By Jesse Drake
Clarke Headlee, account executive in Network and Communications Infrastructure (NCI), is a perfect example of the power that nature and nurture play in our lives.
A talented athlete
A high-energy guy, by the time Headlee entered high school in Aurora, Ohio, a suburb of Cleveland, he was active in football, wrestling, track and basketball.
Headlee loomed over other basketball players, tall enough to dunk from the time he was a freshman. The coach, however, was “old school and didn’t tolerate dunking,” he said.
So much for basketball – but not for long.
Headlee was born in Utah and adopted as an infant. His new parents, Doug and Mary Headlee, raised him in Novi, Michigan, outside of Detroit.
“I didn’t know much about my biological family, so I did what curious people do – I went online,” he said. “I found a random post by my biological dad’s parents who were looking for me, and we got linked up.”
The reunion shed perhaps some light on his prowess in sports. Headlee’s biological father, Herb Jones, played basketball for the University of Montana alongside then-teammate and now-University of Utah head basketball coach Larry Krystkowiak. Tragically, Headlee's father died in an automobile accident while attending college, heading back to school after visiting Utah.
His curiosity piqued, Headlee sent an email to Krystkowiak, who was coaching the New Jersey Nets. He didn’t expect a reply but Krystkowiak emailed right back and filled him in about his father.
"Herb Jones was an amazing athlete," Krystkowiak said. "I once saw a sign at a Grizzly game that said, 'Larry is our bread and butter but Herb is our Jam.' Great dude and still missed."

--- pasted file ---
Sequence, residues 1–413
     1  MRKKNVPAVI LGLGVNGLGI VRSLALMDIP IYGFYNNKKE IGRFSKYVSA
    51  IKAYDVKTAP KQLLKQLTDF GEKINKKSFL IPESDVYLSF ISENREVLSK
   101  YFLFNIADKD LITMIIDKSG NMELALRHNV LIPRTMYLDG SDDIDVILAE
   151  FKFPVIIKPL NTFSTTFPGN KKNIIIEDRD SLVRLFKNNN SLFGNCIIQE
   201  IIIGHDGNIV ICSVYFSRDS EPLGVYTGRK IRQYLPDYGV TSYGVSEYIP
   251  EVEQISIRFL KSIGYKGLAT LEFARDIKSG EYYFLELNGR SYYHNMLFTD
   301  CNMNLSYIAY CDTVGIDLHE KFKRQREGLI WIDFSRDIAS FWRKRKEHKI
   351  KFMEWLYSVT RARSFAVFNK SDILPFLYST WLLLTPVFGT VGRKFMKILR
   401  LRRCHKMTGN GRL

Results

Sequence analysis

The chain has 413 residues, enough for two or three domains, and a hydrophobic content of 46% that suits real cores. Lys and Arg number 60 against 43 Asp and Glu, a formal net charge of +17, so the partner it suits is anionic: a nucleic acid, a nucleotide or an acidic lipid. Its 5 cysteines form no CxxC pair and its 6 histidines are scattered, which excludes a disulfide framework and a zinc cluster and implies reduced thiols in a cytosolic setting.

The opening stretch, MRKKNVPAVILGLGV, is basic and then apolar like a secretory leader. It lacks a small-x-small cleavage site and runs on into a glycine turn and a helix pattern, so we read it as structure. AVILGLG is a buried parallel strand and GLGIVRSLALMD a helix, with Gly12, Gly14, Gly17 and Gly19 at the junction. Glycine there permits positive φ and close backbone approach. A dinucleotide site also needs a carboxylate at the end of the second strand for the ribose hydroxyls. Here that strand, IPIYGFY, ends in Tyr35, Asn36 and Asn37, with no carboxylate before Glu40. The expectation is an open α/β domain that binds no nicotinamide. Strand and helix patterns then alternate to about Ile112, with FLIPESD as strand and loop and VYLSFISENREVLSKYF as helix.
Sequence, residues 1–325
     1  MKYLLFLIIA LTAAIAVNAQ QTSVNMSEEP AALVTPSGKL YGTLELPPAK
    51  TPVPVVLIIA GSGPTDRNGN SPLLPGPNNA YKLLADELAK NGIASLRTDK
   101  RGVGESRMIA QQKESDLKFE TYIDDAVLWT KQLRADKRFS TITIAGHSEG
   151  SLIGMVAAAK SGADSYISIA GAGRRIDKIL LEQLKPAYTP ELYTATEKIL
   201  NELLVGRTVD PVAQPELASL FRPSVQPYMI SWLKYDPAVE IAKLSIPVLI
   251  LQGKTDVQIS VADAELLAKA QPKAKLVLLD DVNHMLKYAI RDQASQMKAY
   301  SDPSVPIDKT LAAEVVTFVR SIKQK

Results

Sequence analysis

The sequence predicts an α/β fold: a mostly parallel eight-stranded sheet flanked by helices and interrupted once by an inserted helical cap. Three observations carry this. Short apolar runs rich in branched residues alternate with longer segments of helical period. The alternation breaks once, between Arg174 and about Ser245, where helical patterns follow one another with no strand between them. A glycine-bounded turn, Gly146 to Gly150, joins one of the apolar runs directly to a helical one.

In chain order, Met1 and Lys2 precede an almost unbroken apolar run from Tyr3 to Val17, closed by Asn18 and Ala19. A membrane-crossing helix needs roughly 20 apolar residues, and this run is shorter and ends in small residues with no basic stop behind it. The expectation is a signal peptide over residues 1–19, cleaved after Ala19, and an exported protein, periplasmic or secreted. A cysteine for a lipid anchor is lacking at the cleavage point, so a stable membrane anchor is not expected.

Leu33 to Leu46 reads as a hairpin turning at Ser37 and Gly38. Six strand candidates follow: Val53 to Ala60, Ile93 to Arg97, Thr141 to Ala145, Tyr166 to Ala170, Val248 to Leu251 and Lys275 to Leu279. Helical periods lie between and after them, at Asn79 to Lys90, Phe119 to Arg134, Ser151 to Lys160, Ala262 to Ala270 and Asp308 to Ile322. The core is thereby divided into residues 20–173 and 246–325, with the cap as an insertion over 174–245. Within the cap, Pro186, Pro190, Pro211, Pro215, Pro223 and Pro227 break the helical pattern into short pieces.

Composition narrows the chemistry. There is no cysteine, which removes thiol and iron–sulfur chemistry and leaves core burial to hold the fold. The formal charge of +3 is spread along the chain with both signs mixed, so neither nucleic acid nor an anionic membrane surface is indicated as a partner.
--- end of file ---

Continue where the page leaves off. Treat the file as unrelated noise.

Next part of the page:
The Tripler years
Headlee worked for a year after high school before enrolling at Kalamazoo Valley Community College (Mich.). Then the Iraq War began. One of his friends, a paratrooper, called him up.
"He said, 'I'm about to be on the flight line. We're getting on a plane and we're going to jump into Saddam International Airport," Headlee said.
Headlee went straight to an Army recruiting station. He wanted Infantry, but the recruiters steered him towards combat medic.
"They said it's cool, I'd be with infantry. Every infantry platoon has a medic," he said. "I distinctly remember them assuring me I wouldn't be in a hospital."
Hello, Tripler Army Medical Center (TAMC).
Headlee flew through medic school, graduating 13th out of 340 in his class, and expected to be shipped off to V Corps in Germany, from which soldiers were being funneled into Iraq. But it didn't take long to realize Honolulu was a pretty sweet assignment.
“I was hard-charging and ready to roll, but I got to Hawaii and was like, well, you know, the beaches are cool," Headlee said, chuckling. "I only kind of wished I was in a line unit for about a month or two."
Headlee, EMT-B, was placed in Antepartum OB/GYN, in the neonatal intensive care unit caring for babies born prematurely. He worked nights in an emergency room-like environment.
“I liked trauma work, having to act, and it was very rewarding,” he said. “You see the big smiles and know you made a difference.”
Tripler is a big and busy place; it’s the largest military hospital in the Pacific Basin and serves a military jurisdiction encompassing 52 percent of the earth's surface. And of course there was the TAMC basketball team.
This time, he could dunk.